Tired Boy Sitting At A Desk
Tired Boy Sitting At A DeskThinkstock

(*Names have been changed)

Leah shared the following story with me:*

“I was very upset when my husband told me that he took Ritalin as a child. But recently my mother-in-law told me a part of the story that was unknown to all involved until now.”

This is her mother-in law’s story:

During my son’s elementary school years, the school administration insisted that we put him on medication for ADHD. We visited a psychiatrist who was more than happy to diagnose my son with ADHD and prescribe Ritalin. I bought a bottle of the drug, took it home and poured its contents into the garbage. Then, unbeknownst to anyone (including my husband and kids) I replaced the pills with vitamins. I knew what I was up against, and I didn’t want anyone else to have to lie, so it was my own little secret.

Eventually, the school told me that they wanted us to increase my son’s dose. The second pill would have to be administered in the middle of the school day by the nurse. Understanding that the nurse would realize that the vitamin I had been giving my son was not Ritalin, I told the school that I would bring him the pill each day.

For the next year, I left work in the middle of the day, drove a half hour to my son’s school to give him the “Ritalin” (vitamin), and then made the long trip back to work again. Finally I told the school that my son’s condition had improved and I wanted to have him reevaluated, to which they consented. I found another psychiatrist who determined that my child no longer needed the drugs.”

There is no question that stimulants such as Adderall, Concerta, Ritalin etc. have a powerful effect on many children. Parents tell me that their children are performing better in school; they even claim that the child’s self-esteem is improving. I wonder if the child would agree that they feel better about themselves on medication. Many children are very uncomfortable with the perception that they need a pill to attain self-control.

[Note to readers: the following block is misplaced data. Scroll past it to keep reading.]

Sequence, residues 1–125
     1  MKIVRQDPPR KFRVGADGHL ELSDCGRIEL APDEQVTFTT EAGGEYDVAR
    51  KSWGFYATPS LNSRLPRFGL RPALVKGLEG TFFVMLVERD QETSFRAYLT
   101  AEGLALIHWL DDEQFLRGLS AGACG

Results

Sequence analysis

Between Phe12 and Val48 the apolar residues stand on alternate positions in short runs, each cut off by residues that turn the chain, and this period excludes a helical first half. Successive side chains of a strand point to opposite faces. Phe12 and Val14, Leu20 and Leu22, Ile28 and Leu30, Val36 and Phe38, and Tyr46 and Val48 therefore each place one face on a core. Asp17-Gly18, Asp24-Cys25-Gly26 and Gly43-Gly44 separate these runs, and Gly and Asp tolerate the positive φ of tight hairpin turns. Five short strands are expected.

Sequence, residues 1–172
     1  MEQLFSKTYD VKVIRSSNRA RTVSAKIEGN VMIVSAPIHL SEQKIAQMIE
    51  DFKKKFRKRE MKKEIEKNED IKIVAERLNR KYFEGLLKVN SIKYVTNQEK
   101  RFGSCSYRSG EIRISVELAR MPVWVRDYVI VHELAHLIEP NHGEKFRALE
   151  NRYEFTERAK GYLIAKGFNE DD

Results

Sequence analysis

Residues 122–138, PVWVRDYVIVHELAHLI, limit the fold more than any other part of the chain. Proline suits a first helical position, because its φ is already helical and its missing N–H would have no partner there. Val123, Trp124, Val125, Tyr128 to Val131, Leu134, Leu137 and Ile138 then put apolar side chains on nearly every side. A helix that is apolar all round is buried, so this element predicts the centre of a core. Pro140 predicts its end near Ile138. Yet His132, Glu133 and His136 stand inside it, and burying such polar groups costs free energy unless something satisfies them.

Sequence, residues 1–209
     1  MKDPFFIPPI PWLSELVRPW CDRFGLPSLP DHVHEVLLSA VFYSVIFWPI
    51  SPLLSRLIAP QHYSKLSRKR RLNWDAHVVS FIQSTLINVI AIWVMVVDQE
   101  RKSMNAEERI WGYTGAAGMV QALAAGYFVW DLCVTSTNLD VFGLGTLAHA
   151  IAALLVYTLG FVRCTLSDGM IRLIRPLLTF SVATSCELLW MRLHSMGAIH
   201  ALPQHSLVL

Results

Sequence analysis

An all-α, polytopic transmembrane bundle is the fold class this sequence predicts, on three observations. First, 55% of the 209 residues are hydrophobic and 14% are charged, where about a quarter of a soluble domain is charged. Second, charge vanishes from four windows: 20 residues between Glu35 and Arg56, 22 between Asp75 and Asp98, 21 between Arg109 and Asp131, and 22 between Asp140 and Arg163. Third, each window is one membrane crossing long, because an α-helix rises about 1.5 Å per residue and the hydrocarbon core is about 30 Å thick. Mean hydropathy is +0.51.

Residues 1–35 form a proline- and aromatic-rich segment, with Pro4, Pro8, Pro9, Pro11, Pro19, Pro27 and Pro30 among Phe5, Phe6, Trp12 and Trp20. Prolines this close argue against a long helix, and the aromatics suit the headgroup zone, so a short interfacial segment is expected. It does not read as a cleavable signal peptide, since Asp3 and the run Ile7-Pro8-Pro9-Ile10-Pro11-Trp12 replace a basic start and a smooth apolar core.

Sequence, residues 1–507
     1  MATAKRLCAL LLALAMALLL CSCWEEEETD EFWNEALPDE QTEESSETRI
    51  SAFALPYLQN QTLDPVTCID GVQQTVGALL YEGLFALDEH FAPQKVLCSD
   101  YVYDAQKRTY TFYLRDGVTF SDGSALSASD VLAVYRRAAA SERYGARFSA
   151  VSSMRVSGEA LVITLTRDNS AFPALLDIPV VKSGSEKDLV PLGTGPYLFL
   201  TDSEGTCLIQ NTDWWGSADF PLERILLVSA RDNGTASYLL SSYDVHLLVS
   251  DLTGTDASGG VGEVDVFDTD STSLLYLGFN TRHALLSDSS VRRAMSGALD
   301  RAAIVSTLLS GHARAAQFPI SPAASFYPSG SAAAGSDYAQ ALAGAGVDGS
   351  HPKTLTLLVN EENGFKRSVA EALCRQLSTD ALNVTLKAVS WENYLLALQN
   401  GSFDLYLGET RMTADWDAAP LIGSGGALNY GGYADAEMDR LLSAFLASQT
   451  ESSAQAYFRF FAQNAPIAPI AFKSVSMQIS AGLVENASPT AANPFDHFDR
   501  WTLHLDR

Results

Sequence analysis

ADHD drugs are among the most widely prescribed psychiatric medications today. Countless mothers have told me, “I didn’t want to put my child on medication, but I had no choice. It was either that or my child would get kicked out of school!” I ask parents: if you found out that students or teachers in your child’s school were sharing speed or cocaine, how would you feel about sending your kids to that school?

How has medicating children into compliance become the educational norm? Stimulants like Adderrall, Ritaiin, etc. are addictive narcotics in the same class as stimulant street-drugs, like speed, and even cocaine. We must ask our doctors and educators: what is the difference between giving children a mind-altering prescription drug, and a mind-altering street drug?

While studying pharmacology during graduate school, our professor reported that the generally accepted belief among manufacturers is that when medications of an addictive nature were used therapeutically (such as Codeine or Morphine for surgical pain), they would not cause addiction. The assertion was that if these same drugs were used on the street, they could lead to drug addiction.

At the time, I was both astounded and perplexed by this. I wondered: how do the mind and body know not to become dependent on these drugs just because they were accompanied by a doctor’s prescription? Now I realize that the manufacturer’s reassurance is totally false. Even when administered according to doctor’s orders, people become addicted to prescription psychiatric drugs and pain medications all the time.

The most disturbing thing about giving psychiatric drugs to children is that they cannot do a proper risk-benefit assessment for themselves. They are not the ones to decide whether taking the drug would be right for them. Drugs which strongly influence a child’s behavior and emotions are administered to children supposedly in their own best interest. However, it is the child who will suffer from the side-effects and withdrawal symptoms of the drug. He may even become addicted to a drug that he never asked for.

Coming next week: Why stimulant drugs like Ritalin are highly addictive…

Yael Tusk, M.S.O.M. is a general practitioner of Chinese Medicine in Jerusalem. She has been treating both adults and children for over a decade. Feel free to contact her at [email protected] to schedule an appointment phone consultation or to receive her free newsletter. Look out for her upcoming myth-busting book on health.